A look at football players in the Big 12 Conference this spring who are poised to have standout seasons beginning this fall:
WR Blake Lynch, sophomore. The speedy Lynch will get a chance to be a top receiving target sooner rather than later after KD Cannon and Ishmael Zamora both left school early, signing NFL free agent rookie deals after going undrafted last week. Lynch had 34 catches for 404 yards and three touchdowns last season behind his teammates who were 1-2 in the Big 12 for receptions per game.
RB David Montgomery, sophomore. Montgomery was so good as a freshman that he supplanted Mike Warren — who led all freshman nationally in rushing yards in 2015 — toward the end of last season. Montgomery averaged 5.2 yards per carry and closed the season with 141 yards against West Virginia.
DE Josh Ehambe, junior. Ehambe dazzled in the spring game after moving back to his natural position from linebacker, where he played for the Jayhawks last season. He had three sacks while showing he could provide a dynamic bookend to last year’s breakout star, Dorance Armstrong.
RB Alex Barnes, sophomore. After beginning last season buried on the depth chart, Barnes wound up rushing for 442 yards and six touchdowns on just 56 carries. That was good enough for second in school history in both categories by a freshman running back.
RBs Abdul Adams and/or Rodney Anderson, sophomores. With 1,000-yard rushers Joe Mixon and Samaje Perine both picked in the NFL draft after leaving Oklahoma early, there is a clear opening for the young, talented running backs. Adams had 283 yards rushing on 53 carries (5.3 yards per carry) in limited chances last season. Anderson is healthy again, though intentionally limited in spring practice after sustaining a broken neck in preseason camp last fall. He also broke his leg on special teams in his second game as a true freshman in 2015.
WR Tyron Johnson, sophomore. The transfer from LSU already has established himself as a favorite target for Heisman contender quarterback Mason Rudolph. The speedy Johnson was a five-star recruit coming out of high school. With so many talented players around him, including Biletnikoff Award contender James Washington, Johnson likely will have some favorable matchups.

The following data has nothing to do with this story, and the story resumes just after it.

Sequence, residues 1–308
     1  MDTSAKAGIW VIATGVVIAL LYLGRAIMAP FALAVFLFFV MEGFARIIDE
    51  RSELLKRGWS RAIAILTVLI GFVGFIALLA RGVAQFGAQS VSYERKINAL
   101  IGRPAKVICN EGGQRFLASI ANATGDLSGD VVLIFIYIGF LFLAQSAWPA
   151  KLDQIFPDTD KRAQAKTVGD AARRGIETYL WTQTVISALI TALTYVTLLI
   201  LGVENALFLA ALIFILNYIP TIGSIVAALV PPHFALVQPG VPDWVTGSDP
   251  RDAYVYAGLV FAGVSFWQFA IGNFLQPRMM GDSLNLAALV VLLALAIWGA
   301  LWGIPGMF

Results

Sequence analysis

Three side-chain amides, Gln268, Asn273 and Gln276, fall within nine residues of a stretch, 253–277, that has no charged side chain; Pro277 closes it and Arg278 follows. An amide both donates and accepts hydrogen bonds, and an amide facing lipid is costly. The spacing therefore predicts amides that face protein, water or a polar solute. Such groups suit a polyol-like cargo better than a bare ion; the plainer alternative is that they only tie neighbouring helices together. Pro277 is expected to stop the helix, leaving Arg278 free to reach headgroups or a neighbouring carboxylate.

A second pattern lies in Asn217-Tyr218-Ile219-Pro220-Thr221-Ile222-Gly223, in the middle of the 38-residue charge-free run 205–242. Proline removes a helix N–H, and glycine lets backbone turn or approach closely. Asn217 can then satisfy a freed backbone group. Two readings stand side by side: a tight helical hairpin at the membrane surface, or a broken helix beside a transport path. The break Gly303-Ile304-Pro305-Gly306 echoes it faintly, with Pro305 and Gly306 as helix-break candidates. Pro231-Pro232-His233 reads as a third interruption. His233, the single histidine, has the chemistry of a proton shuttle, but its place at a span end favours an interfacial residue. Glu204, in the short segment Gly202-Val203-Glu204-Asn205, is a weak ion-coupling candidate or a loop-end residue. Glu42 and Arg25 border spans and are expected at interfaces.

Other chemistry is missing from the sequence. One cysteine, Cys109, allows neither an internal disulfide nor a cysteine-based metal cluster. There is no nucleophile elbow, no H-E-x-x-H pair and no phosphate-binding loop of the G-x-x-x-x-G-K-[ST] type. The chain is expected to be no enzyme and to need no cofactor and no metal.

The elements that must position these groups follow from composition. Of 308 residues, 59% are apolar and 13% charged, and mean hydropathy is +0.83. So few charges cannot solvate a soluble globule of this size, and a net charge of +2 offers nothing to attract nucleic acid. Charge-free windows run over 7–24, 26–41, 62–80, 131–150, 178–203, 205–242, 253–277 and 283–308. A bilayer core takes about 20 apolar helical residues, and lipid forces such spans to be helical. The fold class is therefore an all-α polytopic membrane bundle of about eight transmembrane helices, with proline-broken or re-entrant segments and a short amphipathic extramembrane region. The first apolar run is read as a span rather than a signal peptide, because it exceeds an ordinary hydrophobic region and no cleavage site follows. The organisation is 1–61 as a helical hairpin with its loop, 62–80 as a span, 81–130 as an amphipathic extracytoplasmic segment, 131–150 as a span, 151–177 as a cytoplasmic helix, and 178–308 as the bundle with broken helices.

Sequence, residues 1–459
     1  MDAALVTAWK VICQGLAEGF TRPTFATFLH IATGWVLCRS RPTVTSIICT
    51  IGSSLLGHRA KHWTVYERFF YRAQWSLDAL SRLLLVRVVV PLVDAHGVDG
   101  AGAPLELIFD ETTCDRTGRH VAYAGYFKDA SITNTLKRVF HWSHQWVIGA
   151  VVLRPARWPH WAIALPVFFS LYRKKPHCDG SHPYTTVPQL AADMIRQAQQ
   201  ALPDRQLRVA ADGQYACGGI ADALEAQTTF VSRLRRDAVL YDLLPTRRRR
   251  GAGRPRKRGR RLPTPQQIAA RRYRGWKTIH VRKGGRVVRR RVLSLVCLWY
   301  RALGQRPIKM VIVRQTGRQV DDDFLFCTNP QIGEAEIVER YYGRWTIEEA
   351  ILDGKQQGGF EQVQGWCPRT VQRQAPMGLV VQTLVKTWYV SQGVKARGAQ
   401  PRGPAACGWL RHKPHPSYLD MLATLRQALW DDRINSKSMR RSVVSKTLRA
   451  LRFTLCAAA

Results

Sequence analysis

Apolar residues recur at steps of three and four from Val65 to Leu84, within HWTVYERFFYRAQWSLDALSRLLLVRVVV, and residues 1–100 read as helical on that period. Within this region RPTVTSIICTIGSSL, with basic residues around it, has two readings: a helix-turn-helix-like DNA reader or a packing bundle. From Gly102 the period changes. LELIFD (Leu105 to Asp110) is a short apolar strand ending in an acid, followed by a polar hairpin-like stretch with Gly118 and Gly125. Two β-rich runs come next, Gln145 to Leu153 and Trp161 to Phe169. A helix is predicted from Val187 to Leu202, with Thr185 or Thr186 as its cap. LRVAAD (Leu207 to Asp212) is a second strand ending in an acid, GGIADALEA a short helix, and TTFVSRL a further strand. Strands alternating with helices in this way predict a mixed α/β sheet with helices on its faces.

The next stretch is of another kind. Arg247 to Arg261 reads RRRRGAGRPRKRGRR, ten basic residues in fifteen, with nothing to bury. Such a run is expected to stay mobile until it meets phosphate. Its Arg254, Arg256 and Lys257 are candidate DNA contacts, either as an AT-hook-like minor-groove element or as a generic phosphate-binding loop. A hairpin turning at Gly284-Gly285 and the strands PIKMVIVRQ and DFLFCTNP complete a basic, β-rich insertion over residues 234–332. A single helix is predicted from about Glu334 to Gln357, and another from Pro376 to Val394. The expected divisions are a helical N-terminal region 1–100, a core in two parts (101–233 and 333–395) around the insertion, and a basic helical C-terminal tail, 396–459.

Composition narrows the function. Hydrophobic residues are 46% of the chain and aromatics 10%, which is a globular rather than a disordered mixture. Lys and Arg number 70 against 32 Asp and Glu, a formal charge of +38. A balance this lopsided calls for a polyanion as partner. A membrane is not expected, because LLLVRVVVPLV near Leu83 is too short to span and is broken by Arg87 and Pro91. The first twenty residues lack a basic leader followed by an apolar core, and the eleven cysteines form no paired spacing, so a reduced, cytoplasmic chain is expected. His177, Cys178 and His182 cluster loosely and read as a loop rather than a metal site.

WR KaVontae Turpin, junior. Poised for a breakout last season, Turpin suffered a knee injury early and still averaged 123 all-purpose yards in his eight games. He missed much of this spring practice for academic reasons, but coach Gary Patterson said he earned his way back. In two seasons, Turpin has averaged 27.5 yards on kickoff returns and 11.3 yards on punt returns, with two TDs. He also had eight receiving TDs as a freshman in 2015.
WR Collin Johnson, sophomore. The 6-foot-6 Californian should be the new weapon in the Texas offense. He caught two touchdowns in the spring game and has the size, speed and soft hands to be a matchup nightmare for defensive backs and a favorite target for quarterback Shane Buechele.
CB Octavious Morgan. The junior college transfer has already been called “a real Big 12 cornerback” by Texas Tech coaches. He had 42 tackles and three interceptions last season at Butler Community College. Morgan was a physical presence throughout his first spring practice with the Red Raiders, who in the past have given up as many points and yards as they have put up with their big-play offense.
WR David Sills, junior. After trying to prove himself as a quarterback at California’s El Camino College last season, Sills transferred back to West Virginia and had six catches for 96 yards in the spring game. Coach Dana Holgorsen calls Sills “extremely, extremely football smart.” Sills, who received a scholarship offer from Lane Kiffin at Southern California while still in middle school, had seven catches for 131 yards and two TDs while a receiver for the Mountaineers two seasons ago.
AP Sports Writers Luke Meredith, Dave Skretta, Cliff Brunt, Jim Vertuno and John Raby contributed to this report.
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